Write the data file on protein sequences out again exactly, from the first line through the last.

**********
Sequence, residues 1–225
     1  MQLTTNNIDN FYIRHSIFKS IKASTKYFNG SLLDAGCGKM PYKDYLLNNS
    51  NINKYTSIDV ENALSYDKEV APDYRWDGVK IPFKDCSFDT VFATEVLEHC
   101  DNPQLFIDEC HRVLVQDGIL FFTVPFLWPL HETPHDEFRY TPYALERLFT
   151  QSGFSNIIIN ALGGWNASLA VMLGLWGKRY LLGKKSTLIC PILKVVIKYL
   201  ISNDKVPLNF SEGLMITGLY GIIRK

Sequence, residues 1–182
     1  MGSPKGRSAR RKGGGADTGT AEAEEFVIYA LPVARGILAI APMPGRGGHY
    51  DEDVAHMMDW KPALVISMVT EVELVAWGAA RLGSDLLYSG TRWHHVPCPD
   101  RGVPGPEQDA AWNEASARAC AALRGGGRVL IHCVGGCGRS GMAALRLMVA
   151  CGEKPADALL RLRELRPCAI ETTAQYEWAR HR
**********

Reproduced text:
Sequence, residues 1–225
     1  MQLTTNNIDN FYIRHSIFKS IKASTKYFNG SLLDAGCGKM PYKDYLLNNS
    51  NINKYTSIDV ENALSYDKEV APDYRWDGVK IPFKDCSFDT VFATEVLEHC
   101  DNPQLFIDEC HRVLVQDGIL FFTVPFLWPL HETPHDEFRY TPYALERLFT
   151  QSGFSNIIIN ALGGWNASLA VMLGLWGKRY LLGKKSTLIC PILKVVIKYL
   201  ISNDKVPLNF SEGLMITGLY GIIRK

Sequence, residues 1–182
     1  MGSPKGRSAR RKGGGADTGT AEAEEFVIYA LPVARGILAI APMPGRGGHY
    51  DEDVAHMMDW KPALVISMVT EVELVAWGAA RLGSDLLYSG TRWHHVPCPD
   101  RGVPGPEQDA AWNEASARAC AALRGGGRVL IHCVGGCGRS GMAALRLMVA
   151  CGEKPADALL RLRELRPCAI ETTAQYEWAR HR